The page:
I wasn’t introduced to Nirvana through radio or MTV. Not directly, anyway.

I was already listening to Smashing Pumpkins’ Gish, when I read an article about Nirvana in a magazine. The article mentioned Butch Vig produced Nevermind, and I was willing to give it shot based on that recommendation.

When it comes to the product diffusion curve, I’m usually somewhere at the tail of an early adopter, so it was mere months between my purchase of Nevermind and the ascent of “Smells Like Teen Spirit” into pop culture consciousness.

Once Kurt Cobain became deified, my interest had already moved on to Kronos Quartet, John Zorn and Clannad. I didn’t buy Insecticide or In Utero or MTV Unplugged, and while I was sad Cobain took his own life, I sought not to blow his death out of proportion.

After listening to the self-titled collection back in 2002, I was drawn to the tracks from the band’s early era, and after hearing Nevermind in context of Nirvana’s entire career, I was surprised by how blatantly commercial that album really was.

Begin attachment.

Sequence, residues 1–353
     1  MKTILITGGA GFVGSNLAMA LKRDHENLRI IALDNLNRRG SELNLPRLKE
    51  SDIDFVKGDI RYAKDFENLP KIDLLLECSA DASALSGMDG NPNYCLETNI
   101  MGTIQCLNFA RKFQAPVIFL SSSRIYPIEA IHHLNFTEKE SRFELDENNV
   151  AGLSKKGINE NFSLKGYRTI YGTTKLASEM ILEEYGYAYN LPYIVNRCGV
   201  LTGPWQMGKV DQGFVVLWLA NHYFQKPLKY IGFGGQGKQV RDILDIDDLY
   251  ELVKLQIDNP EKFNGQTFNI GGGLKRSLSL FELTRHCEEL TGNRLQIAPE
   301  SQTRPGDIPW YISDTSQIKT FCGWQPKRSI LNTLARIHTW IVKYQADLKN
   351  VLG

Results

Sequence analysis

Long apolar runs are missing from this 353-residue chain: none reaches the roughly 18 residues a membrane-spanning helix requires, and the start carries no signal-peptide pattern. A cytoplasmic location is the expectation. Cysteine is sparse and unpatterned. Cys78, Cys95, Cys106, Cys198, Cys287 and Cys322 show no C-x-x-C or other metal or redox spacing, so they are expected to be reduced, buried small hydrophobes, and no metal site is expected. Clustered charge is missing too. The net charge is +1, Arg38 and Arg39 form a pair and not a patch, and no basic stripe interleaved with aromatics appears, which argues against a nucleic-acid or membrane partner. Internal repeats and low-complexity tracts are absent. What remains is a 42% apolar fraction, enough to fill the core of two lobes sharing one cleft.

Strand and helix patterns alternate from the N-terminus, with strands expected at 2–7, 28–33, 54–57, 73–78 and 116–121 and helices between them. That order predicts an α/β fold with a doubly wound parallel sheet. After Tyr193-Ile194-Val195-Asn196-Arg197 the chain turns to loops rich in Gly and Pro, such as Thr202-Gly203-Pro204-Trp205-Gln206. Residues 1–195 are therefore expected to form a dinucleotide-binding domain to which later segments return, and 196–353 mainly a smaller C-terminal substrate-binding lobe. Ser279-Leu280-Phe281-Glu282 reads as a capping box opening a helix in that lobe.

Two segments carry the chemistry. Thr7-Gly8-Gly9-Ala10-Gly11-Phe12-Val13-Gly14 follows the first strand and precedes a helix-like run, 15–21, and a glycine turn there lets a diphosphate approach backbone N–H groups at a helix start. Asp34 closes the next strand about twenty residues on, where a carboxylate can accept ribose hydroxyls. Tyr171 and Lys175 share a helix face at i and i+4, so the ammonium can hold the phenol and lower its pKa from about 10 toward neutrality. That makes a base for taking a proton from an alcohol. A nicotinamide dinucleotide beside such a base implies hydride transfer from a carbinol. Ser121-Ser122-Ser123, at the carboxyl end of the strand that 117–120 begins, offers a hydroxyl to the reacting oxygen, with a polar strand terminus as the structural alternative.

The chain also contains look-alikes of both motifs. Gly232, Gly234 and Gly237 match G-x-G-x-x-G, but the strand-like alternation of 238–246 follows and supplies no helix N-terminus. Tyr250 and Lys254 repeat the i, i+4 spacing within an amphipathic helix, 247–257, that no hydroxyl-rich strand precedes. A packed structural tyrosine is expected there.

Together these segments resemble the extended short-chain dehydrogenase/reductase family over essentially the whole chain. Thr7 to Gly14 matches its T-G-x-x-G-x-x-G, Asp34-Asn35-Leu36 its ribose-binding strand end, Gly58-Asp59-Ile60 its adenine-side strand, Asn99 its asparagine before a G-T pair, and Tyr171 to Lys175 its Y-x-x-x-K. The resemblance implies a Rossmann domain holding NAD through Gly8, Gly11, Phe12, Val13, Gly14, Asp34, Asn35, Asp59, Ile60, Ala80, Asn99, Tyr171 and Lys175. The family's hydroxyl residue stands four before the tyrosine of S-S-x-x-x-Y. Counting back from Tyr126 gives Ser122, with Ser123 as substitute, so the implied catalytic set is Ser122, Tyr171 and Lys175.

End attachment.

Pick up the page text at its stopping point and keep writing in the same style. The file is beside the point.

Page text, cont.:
So I found a used copy of Bleach and took it for a spin.

Despite a $600 budget and some weak mastering, this album has some blistering performances. (Bleach was remastered in the UK in 2002, but I don’t remember hearing whether than edition was released in the US.)

Bleach possessed all the songwriting finesse of Nevermind and all the grit of In Utero. Yes, you could say the subsequent albums diluted the aspects which made Nirvana whole.

“About a Girl” is a tender song without having to resort to balladry or introspection, but Cobain’s disintegrating wail on “Negative Creep” is nothing short of riveting.

The eastern touches of “Love Buzz” show a trace hint of lineage from Led Zeppelin, while the dischordant pulse of “Paper Cuts” can still be heard in the pummelling riffs of Number Girl.

“Swap Meet”, meanwhile, has the familiar melodic contour trademark of Nirvana, and “Big Cheese” features the haunting harmonizing that made Cobain’s singing special.

Bleach is an amazing debut, louder, harder, tougher than the work that would eventually bring Nirvana fame. If I had encountered Bleach before Nevermind, I probably would have tossed something about “selling out”.

This album is exactly what the band could do while nobody was looking.